The other advantage is that accepting some scholarships or loans qualifies you (and may obligate you) for work-study programs. You get first dibs on certain jobs, usually on campus, that are very flexible to work with your school schedule. My daughter has one that she absolutely loves. She can check in whenever her schedule allows, as long as she works at least 10 and no more than 19 hours per week. The money from that job gives her all the extra spending money she needs, since her loans and scholarships cover tuition, room, and board.

So... do call the office. Do what they say. Then call back. Work everything through them. Be patient, as you may be dealing with several offices to get everything done, and they may not be communicating with each other very well.

The reality is, you will probably have to carry loans, but if you dedicate your first few post-college years to living frugally and paying them off, you won't have the burden for years and years after. Also, depending on your line of work, some employers may offer a signing bonus as a lump sum to pay off some of the loan.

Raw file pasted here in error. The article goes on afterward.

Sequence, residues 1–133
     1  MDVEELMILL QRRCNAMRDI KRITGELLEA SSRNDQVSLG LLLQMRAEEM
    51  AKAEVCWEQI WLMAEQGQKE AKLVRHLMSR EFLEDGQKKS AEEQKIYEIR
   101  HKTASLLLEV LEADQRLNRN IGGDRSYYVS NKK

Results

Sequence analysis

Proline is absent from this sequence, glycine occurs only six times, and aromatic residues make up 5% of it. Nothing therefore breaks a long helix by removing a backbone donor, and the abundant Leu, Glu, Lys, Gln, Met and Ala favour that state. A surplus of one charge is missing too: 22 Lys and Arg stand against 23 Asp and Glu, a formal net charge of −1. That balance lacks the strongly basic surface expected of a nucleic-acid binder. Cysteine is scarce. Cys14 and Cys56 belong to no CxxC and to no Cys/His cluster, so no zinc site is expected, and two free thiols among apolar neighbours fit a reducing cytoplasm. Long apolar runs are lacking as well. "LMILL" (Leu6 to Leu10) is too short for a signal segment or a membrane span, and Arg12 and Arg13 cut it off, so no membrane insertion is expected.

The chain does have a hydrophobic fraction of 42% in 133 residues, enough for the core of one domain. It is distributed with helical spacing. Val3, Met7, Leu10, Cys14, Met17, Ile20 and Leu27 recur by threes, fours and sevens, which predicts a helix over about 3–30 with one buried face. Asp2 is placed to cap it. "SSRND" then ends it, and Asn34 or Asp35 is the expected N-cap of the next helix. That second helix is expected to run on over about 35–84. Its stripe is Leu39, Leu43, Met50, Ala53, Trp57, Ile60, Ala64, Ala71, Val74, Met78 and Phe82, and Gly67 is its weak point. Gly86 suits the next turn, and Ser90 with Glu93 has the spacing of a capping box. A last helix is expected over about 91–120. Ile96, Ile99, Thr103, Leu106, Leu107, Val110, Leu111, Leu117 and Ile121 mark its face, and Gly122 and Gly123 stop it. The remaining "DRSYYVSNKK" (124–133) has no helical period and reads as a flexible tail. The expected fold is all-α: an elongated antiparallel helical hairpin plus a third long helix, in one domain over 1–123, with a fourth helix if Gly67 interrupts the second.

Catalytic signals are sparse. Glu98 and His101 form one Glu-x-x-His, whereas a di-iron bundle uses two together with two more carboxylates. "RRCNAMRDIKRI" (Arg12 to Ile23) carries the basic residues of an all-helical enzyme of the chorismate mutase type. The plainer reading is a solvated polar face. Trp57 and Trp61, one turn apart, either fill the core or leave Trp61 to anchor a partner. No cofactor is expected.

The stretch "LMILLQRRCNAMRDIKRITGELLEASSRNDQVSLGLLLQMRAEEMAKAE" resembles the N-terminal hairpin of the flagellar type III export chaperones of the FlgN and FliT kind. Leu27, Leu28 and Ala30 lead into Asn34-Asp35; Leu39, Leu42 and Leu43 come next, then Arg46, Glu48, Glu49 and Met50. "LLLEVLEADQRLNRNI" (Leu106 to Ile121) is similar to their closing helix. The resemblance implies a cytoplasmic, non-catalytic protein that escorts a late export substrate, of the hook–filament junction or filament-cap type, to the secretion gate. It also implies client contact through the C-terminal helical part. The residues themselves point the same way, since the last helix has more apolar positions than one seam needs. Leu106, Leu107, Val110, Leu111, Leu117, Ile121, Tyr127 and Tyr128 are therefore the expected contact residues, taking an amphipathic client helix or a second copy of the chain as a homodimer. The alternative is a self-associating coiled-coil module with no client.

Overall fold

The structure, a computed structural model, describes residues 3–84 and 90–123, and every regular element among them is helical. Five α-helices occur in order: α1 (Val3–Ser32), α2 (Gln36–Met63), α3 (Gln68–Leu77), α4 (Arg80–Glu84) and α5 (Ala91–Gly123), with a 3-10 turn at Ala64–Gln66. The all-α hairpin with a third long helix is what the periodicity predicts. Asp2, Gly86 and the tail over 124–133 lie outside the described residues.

Good luck.
posted by Fuzzy Skinner at 7:51 AM on January 11, 2009

Are you already at college or are you in highschool? If you're still in highschool, have a chat with your guidance councillors as well, and read over their bulletin board every couple days.
posted by stray at 8:41 AM on January 11, 2009

I see from your profile that you're from Colorado, so my Canadian experience won't be specific. However, I can tell you that sites like Fastweb can work. I found (and won) a scholarship on a similar site called ScholarshipsCanada. It's government funded, and I never would've found it otherwise.

Look on your state's website. Look at your parents' workplaces. Are they/you part of any organizations like Rotary club? Ask there. Maybe try this or this. Google "yourfieldofstudy + scholarship/grant/funding".

Once you find more scholarships, apply to everything that you're even remotely qualified for. When they try to scare you by mentioning that they're looking for "community leaders" or "academic excellence" or "outstanding involvement", apply anyways.